When NASA first published his “Study Clean Air” in 1989 recommended use several houseplants to remove air toxics. If you are wondering why NASA study headed, it is because the researchers were originally looking for ways to improve indoor air quality inside space stations, and thought their findings were relevant to other indoor too. In general, when NASA has something important to say, it is most likely a good idea to listen -. Those people went into space, they know a thing or two
sick building syndrome and plants
It’s not a phenomenon often referred to as “ The sick building syndrome “, which corresponds to the category of syndromes that are untestable and impossible to refute based on data available today. Basically, this syndrome is the onset of symptoms such as headaches and dizziness that occur when a person spends time in a particular building. The symptoms disappear when the person comes out of that particular building.
The theory is that the person is reacting to toxic agents in the atmosphere. As with everything else in health, some people are more susceptible to symptoms than others. While it is very difficult to prove cause and effect, in this case, it would be difficult to find an expert who does not agree that the quality of the air we breathe (indoor or outdoor) has an impact on our mood, energy levels , comfort and overall health.
As a result, NASA recommends placing a plant Filter agent toxic per 100 square feet of home or office space in order to maintain air quality at its finest finest. This is recommended for anyone, whether they are experiencing symptoms of sick building syndrome or not.
Here are the toxic agents that contribute to poor indoor air quality, according to NASA .
is commonly found in paints, paint thinners, varnish or other substances that can cause the walls or floor. It is also found in printing inks.
- Benzene: is used for the manufacture of plastics, detergents and pesticides, but also found in vehicle exhaust, glue and paint. If the snuff smoke inside a house, benzene is in the air as well.
- Xylene :. commonly found in homes with leather furniture, but is also found in vehicle exhaust, paint and cigarette smoke
- Ammonia: It is often found in cleaning products, specifically window cleaners and floor wax. Commonly found in fertilizers also.
- Formaldehyde :. Commonly found in a tissue, paper towels, napkins and other materials often contain up to his mouth and nose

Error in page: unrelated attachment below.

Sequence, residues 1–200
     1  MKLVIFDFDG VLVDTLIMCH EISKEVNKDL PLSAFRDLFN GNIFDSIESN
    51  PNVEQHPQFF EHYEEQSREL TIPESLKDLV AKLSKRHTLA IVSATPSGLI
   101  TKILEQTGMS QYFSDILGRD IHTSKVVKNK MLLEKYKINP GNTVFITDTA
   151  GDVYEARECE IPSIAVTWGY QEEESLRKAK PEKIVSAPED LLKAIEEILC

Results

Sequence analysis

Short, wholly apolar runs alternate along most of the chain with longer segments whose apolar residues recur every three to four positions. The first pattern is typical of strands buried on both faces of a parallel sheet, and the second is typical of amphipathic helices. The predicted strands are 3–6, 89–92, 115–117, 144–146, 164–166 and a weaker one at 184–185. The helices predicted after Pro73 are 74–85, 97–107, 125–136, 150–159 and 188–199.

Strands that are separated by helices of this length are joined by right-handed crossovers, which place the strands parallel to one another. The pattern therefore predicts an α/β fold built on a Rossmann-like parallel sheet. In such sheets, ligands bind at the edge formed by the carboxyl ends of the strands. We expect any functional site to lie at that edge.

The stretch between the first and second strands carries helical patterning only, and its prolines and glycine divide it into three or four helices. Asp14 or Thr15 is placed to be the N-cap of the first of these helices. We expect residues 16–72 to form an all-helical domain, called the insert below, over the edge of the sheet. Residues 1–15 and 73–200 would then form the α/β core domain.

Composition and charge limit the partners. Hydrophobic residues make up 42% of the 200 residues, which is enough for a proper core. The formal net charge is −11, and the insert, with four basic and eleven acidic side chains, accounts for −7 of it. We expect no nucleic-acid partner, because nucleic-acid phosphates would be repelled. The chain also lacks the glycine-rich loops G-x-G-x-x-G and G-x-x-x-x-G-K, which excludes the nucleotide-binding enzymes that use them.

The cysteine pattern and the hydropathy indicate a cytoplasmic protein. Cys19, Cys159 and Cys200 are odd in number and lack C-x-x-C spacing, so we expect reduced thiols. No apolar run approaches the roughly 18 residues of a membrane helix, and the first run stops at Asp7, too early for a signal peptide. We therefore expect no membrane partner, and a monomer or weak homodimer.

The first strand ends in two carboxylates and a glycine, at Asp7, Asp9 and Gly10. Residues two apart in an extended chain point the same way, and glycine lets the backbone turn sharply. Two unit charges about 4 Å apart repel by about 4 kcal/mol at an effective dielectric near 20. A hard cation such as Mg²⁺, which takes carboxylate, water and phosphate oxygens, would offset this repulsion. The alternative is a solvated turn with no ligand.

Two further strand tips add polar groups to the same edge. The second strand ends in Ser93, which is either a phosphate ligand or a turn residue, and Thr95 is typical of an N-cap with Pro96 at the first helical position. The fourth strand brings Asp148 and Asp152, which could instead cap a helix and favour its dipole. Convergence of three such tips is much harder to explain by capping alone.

Most plants are removed at least one or two of these toxic agents of the interior spaces, but some are more efficient than others. Here are nine houseplants that can help improve air quality inside your home .
1. peace lilies
Peace lilies are one of two plants that are effective in eliminating all five of toxicants air inside, as mentioned in the list of NASA. They are naturally a tropical plant, but do not require much sunlight to live. These evergreen lilies can be placed in the shade and watered once a week.
Unfortunately, while these plants are great in improving indoor air quality, they are also slightly toxic to dogs and cats. They are not recommended for homes with pets.
2. Hardy garden mother
These perennial color not only make your home look as if it had just entered the office of a florist, but is the only other plant in the NASA study found to be effective in removing all five toxicants. Watering two to three times a day and fertilized once a month.
Unfortunately, as with peace lilies, the ASPCA has included the garden mother Hardy as toxic to dogs and cats.
3. Bamboo palm
bamboo palms are native to the tropical regions of America, but many people put them in their homes to help purify the air. While bamboo palms filter only two of the five toxic agents identified NASA, which are very effective in it. bamboo palms remove both formaldehyde and xylene. Unlike other house plants, bamboo palms are not harmful to have around pets.
4. snake plant
The snake plant is one of the most remarkable “plants bedroom,” as it is quite effective in converting dioxide carbon oxygen. This gives your room a little kick oxygen during sleep. But snakes plants that are not made or real snakes, are effective in removing four of the five toxicants, losing only ammonia. They are considered harmful to pets, however.
5. Devil’s ivy
devil’s ivy is very good for purifying air, but also great in the poisoning of those who ingest it. Benzene, formaldehyde and xylene are removed from the air by ivy devil. However, be careful with this plant around pets, children or adults with a tendency to eat houseplants.
6. Boston Fern
The good old Boston fern plant is a popular interior, as it is safe for dogs and cats to eat (although you can you do not want to do so). It is also ideal for improving air quality in your home. Specifically, this fern is effective in reducing levels of formaldehyde and xylene.
7. The aloe vera
Besides being ideal for skin aloe vera can filter benzene and formaldehyde. Unfortunately, aloe vera is toxic to humans and pets if ingested.
8. dracaena red edges
is sometimes referred to as “Song of India,” this plant is commonly found around the coastal areas of Indian Ocean. however, it is also toxic to pets ,.
9. evergreen Chinese
Originating in the tropical areas of Asia, evergreens Chinese filter benzene and formaldehyde, but are also toxic to pets .
While the plants mentioned above are some of the best in filtering indoor air pollution, which are certainly not alone. The important part to remember is a plant per 100 square feet of interior space to feel alert and in a great mood.
– Ian Carey